Pronunciation: [ˌaɹɪˈə͡ʊlə kˌɔːɹɪɔ͡ɪdˈa͡ɪtɪs] (IPA)

Areolar chorioiditis is a medical term used to describe an inflammation of the choroid layer of the eye, which can lead to vision loss. The spelling of areolar chorioiditis can be challenging because of its complex structure. The IPA phonetic transcription is /əˈrɪələr ˌkɔːriɔɪˈdaɪtɪs/. The stress falls on the second syllable, and the word consists of three morphemes: areolar, chorioid- and -itis. The prefix areolar refers to the areola or small space of tissue. Chorioid- is derived from the Greek "chorion," meaning skin, and "eidos," meaning form, while -itis denotes inflammation.

AREOLAR CHORIOIDITIS Meaning and Definition

  1. Areolar chorioiditis is a medical term used to describe a rare inflammatory condition that affects the retina and choroid, two important structures in the eye. It is characterized by the presence of distinct, round or oval-shaped patches of inflammation and pigmentation in the macula, the central part of the retina responsible for sharp, central vision.

    The term "areolar" refers to the circular or ring-like appearance of the affected areas, which are surrounded by an area of relative sparing or depigmentation. "Chorioiditis" indicates the involvement of the choroid, a vascular layer of the eye located between the retina and the sclera (white outer layer of the eye). In areolar chorioiditis, the choroid becomes inflamed, leading to damage and dysfunction of the overlying retina.

    The condition typically affects adults and can cause various visual symptoms, such as blurred or distorted central vision, blind spots, or difficulties in reading or recognizing faces. The exact cause of areolar chorioiditis is still unknown, but it is believed to have an autoimmune component.

    Diagnosis of areolar chorioiditis is made based on a comprehensive eye examination, including imaging tests like optical coherence tomography and fluorescein angiography, which provide detailed views of the retina and choroid.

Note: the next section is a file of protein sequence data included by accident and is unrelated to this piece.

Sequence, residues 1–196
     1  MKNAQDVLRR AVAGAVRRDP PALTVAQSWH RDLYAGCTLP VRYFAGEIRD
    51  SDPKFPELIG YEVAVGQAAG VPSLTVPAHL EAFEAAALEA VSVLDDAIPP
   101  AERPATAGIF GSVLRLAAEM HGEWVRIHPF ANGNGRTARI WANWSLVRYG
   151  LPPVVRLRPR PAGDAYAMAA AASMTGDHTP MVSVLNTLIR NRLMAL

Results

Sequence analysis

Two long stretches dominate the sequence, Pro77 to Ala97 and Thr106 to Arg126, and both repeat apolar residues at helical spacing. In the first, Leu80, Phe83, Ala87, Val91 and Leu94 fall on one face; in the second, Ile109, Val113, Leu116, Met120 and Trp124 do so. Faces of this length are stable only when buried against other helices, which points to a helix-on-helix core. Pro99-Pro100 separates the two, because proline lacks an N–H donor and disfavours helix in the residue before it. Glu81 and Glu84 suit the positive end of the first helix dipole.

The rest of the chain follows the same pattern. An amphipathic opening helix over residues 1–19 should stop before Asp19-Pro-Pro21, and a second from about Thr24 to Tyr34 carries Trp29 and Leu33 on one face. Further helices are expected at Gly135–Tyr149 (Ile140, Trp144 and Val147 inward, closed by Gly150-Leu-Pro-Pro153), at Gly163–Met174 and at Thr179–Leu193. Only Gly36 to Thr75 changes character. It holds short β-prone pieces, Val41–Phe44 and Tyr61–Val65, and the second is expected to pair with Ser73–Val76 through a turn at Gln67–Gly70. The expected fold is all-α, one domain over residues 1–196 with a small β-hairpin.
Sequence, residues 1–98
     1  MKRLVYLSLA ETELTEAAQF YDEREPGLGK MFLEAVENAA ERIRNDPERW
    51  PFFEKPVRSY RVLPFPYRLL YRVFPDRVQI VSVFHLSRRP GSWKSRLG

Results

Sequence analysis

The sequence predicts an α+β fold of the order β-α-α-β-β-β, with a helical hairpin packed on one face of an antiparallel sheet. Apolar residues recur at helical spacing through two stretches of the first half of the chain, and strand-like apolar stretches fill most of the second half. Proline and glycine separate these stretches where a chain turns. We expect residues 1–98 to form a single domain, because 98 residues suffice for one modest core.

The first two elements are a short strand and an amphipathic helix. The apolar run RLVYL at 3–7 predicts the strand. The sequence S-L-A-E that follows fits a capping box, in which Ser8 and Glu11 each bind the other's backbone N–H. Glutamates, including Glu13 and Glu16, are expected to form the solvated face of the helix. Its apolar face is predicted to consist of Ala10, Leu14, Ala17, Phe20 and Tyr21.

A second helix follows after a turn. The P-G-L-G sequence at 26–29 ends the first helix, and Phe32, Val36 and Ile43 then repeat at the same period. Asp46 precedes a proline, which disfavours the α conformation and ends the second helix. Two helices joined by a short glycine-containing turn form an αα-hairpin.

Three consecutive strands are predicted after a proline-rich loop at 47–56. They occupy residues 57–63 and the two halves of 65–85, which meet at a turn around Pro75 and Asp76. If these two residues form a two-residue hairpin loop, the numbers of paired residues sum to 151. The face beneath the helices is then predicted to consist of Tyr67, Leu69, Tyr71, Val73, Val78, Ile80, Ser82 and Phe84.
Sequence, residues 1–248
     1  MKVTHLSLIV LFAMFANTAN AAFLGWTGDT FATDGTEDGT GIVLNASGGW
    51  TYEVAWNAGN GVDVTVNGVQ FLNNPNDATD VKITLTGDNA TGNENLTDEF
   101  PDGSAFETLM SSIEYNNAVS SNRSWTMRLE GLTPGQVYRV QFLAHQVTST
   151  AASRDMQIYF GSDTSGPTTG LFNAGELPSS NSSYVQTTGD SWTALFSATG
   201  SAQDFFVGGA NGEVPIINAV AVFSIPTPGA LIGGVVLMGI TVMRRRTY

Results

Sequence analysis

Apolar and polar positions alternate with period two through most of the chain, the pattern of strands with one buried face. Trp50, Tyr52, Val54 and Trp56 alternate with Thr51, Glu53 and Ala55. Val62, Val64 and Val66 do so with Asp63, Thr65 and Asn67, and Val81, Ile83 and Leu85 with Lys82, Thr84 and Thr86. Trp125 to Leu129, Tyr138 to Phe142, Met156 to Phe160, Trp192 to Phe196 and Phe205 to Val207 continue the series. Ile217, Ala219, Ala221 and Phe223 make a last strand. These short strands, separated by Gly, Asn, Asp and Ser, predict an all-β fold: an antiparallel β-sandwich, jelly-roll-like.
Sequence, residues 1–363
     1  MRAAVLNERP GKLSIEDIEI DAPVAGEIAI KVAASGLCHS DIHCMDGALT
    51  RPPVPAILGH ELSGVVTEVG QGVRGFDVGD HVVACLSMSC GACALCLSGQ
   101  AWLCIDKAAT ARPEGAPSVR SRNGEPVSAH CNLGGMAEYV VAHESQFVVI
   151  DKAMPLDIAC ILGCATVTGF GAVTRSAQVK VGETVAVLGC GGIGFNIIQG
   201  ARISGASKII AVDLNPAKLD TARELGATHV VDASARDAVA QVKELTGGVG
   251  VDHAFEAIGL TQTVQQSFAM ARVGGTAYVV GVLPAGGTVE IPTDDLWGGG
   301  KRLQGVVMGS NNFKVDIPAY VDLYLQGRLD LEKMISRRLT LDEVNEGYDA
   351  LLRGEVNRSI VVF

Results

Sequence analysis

Treatment options for areolar chorioiditis aim to control inflammation and preserve visual function. This may involve the use of corticosteroids, immunosuppressive medications, or anti-inflammatory agents. Regular monitoring is necessary to evaluate disease activity and assess visual changes.

  2. A form in which the inflammation spreads concentrically from the region of the macula lutea.

    A practical medical dictionary. By Stedman, Thomas Lathrop. Published 1920.

Common Misspellings for AREOLAR CHORIOIDITIS

  • zreolar chorioiditis
  • sreolar chorioiditis
  • wreolar chorioiditis
  • qreolar chorioiditis
  • aeeolar chorioiditis
  • adeolar chorioiditis
  • afeolar chorioiditis
  • ateolar chorioiditis
  • a5eolar chorioiditis
  • a4eolar chorioiditis
  • arwolar chorioiditis
  • arsolar chorioiditis
  • ardolar chorioiditis
  • arrolar chorioiditis
  • ar4olar chorioiditis
  • ar3olar chorioiditis
  • areilar chorioiditis
  • areklar chorioiditis
  • arellar chorioiditis
  • areplar chorioiditis


The word "areolar chorioiditis" consists of two components: "areolar" and "chorioiditis". Here is the etymology of each component:

1. Areolar:

- The term "areolar" is derived from the Latin word "areola", which means a small open space or a small courtyard.

- "Areola" is a diminutive form of "area", meaning a cleared or defined space.

- In anatomy, "areolar" refers to a specific type of connective tissue that is loose and composed of thin, widely spaced fibers.

2. Chorioiditis:

- The term "chorioiditis" is derived from two Latin roots: "chorio-" and "-itis".

- "Chorio-" is derived from the Greek word "chorion", which means membrane or outer covering.

- "-itis" is a suffix in medical terminology indicating inflammation or swelling.


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